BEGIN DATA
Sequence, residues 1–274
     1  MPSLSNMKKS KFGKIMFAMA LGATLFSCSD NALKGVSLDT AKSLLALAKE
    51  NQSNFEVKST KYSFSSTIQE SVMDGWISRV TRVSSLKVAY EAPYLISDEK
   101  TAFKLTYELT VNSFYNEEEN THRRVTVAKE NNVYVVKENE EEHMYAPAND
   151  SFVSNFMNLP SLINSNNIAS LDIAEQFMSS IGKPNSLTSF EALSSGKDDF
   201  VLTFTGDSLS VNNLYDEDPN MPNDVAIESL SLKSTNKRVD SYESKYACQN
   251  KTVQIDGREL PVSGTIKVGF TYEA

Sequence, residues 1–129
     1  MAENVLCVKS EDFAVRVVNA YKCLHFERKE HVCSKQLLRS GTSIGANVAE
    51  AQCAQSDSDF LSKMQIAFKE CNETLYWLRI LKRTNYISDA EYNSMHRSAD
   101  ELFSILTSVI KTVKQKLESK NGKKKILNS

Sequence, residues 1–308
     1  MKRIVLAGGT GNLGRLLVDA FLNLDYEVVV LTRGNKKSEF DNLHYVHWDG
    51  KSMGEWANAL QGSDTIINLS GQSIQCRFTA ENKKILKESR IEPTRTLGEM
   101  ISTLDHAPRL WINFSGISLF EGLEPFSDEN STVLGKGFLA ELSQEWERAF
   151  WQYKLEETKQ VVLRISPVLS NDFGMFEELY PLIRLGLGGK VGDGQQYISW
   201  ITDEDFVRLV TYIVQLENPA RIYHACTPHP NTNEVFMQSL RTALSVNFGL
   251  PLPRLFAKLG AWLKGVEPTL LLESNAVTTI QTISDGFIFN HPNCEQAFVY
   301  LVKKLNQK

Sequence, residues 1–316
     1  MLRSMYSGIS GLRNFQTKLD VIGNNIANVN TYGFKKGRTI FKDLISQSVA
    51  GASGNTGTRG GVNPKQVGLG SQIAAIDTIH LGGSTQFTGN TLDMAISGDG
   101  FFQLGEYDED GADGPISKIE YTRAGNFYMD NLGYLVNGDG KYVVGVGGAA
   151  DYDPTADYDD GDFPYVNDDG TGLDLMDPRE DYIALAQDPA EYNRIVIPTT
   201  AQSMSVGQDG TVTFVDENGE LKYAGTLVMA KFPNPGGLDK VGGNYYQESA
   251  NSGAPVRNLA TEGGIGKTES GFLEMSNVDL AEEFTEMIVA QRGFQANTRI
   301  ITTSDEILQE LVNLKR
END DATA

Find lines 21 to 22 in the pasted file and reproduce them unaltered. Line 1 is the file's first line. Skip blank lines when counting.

     1  MLRSMYSGIS GLRNFQTKLD VIGNNIANVN TYGFKKGRTI FKDLISQSVA
    51  GASGNTGTRG GVNPKQVGLG SQIAAIDTIH LGGSTQFTGN TLDMAISGDG